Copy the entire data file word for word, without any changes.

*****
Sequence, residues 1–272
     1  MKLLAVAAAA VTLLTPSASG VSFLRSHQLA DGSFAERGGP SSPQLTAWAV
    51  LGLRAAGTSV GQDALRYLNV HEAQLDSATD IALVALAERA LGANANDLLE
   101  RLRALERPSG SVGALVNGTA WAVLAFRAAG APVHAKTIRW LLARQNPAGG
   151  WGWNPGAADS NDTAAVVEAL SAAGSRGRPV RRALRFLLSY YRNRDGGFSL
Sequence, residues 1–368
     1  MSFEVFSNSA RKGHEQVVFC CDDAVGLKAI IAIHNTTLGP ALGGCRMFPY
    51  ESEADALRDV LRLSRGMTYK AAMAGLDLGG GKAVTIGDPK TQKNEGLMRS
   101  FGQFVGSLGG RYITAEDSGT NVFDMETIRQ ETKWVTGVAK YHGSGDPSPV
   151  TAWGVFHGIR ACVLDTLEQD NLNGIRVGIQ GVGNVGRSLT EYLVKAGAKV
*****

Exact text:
Sequence, residues 1–272
     1  MKLLAVAAAA VTLLTPSASG VSFLRSHQLA DGSFAERGGP SSPQLTAWAV
    51  LGLRAAGTSV GQDALRYLNV HEAQLDSATD IALVALAERA LGANANDLLE
   101  RLRALERPSG SVGALVNGTA WAVLAFRAAG APVHAKTIRW LLARQNPAGG
   151  WGWNPGAADS NDTAAVVEAL SAAGSRGRPV RRALRFLLSY YRNRDGGFSL
Sequence, residues 1–368
     1  MSFEVFSNSA RKGHEQVVFC CDDAVGLKAI IAIHNTTLGP ALGGCRMFPY
    51  ESEADALRDV LRLSRGMTYK AAMAGLDLGG GKAVTIGDPK TQKNEGLMRS
   101  FGQFVGSLGG RYITAEDSGT NVFDMETIRQ ETKWVTGVAK YHGSGDPSPV
   151  TAWGVFHGIR ACVLDTLEQD NLNGIRVGIQ GVGNVGRSLT EYLVKAGAKV